Here's Far Cry 2 technical director Dominic Guay talking about the importance of "procedural content generation" for massive online games -- basically, using software to create worlds that had previously been hand-built by artists. It makes a lot of sense, but what fascinates me is the narrative possibilities for fiction about games: these procedural systems have or will shortly attain a level of complexity that makes it impossible to predict their outcomes. It's the Halting Problem
-- worlds where software off the rails could generate impossible situations, upside-down worlds, treasure heaps, cowardly monsters and brave grass. I'm thinking especially of abandonware worlds where only a few players remain and the gamemasters have stopped paying close attention. What odd maps might be drawn as the die-hards explore the outermost reaches of these worlds?
"Another big benefit [of procedural content creation] is that you end up being able to do stuff you simply couldn't do otherwise," Guay continued. "It opens up innovation fields. If you're creating things through code, you have a deeper understanding of what you're doing, and you can bake in some limitations."
MIGS: Far Cry 2's Guay On The Importance Of Procedural Content
"Our artists needed to be able to build not a random tree, but a type of tree," he said by way of example. "It's actually much closer to building a particle system than building traditional art assets. Artists play with parameters more than they play with vertices."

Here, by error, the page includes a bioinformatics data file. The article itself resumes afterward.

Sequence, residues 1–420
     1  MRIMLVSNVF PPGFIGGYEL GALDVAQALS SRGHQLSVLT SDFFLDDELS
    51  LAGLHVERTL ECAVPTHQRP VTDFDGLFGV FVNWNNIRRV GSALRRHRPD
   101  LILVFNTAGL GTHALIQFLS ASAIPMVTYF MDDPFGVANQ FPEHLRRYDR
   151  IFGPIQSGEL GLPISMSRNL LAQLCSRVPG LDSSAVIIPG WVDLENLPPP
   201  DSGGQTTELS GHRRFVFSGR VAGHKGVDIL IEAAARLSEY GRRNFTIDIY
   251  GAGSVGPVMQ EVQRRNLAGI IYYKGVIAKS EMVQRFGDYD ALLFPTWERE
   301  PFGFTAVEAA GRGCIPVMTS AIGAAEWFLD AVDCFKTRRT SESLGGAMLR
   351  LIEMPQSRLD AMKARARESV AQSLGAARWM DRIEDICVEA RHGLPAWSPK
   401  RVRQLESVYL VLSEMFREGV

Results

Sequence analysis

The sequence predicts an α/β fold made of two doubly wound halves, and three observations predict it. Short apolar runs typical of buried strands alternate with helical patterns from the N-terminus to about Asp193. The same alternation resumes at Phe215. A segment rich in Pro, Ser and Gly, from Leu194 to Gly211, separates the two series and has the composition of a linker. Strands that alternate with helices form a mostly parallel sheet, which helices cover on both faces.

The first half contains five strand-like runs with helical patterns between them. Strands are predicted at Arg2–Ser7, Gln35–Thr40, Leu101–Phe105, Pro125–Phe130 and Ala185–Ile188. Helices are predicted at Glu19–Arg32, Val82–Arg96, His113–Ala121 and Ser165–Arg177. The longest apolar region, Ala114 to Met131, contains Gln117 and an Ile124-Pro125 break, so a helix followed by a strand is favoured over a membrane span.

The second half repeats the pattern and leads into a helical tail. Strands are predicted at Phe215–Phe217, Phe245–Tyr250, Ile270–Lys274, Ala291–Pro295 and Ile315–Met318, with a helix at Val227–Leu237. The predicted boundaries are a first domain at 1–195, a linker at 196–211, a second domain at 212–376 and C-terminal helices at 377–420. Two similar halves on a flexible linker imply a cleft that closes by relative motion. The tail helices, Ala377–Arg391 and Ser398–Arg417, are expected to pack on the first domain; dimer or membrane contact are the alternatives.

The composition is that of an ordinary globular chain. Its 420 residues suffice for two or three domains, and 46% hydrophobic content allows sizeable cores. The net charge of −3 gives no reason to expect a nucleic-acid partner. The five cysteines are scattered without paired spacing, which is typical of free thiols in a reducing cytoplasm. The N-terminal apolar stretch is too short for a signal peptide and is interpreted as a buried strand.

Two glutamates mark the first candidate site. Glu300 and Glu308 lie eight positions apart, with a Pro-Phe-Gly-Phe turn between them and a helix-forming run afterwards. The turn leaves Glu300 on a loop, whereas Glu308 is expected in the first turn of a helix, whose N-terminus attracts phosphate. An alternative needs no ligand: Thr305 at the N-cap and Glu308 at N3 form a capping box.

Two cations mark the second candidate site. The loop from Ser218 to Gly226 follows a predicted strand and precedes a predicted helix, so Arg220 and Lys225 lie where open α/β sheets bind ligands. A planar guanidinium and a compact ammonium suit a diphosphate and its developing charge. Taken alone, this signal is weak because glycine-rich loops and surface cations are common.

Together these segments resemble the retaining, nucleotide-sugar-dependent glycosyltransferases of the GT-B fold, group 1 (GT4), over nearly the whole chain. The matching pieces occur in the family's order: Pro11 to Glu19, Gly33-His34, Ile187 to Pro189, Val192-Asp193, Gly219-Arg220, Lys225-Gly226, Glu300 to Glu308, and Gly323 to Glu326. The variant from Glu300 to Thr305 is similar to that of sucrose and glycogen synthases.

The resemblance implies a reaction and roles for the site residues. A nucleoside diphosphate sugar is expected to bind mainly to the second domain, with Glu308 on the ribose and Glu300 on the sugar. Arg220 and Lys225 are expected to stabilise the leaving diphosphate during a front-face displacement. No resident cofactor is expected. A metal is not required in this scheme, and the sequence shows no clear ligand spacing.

Creating those tools allowed artists to define trees based on characteristics gleaned from extensive photo reference, more than to create a number of discrete tree variants based on those references...
When a team member made a seemingly minor after-hours change to the ecosystem, it ended up increasing the asset density of the game world by 25 percent -- resulting in more than a few headaches.
"If I'm tweaking a jungle procedurally, maybe I'll just tweak it in my test map," Guay said. "But when I integrate it into the game, somewhere in the 50 square kilometer game world, maybe in just three small areas, it might cause problems, and we won't find those problems until QA uncovers them."
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Gauntlet, Atari’s 1985 dungeon-looting arcade game, came long after the heyday of its successful home console. But CDS Games has managed to pack a playable version of the complex action RPG into the primitive Atari VCS. [via]
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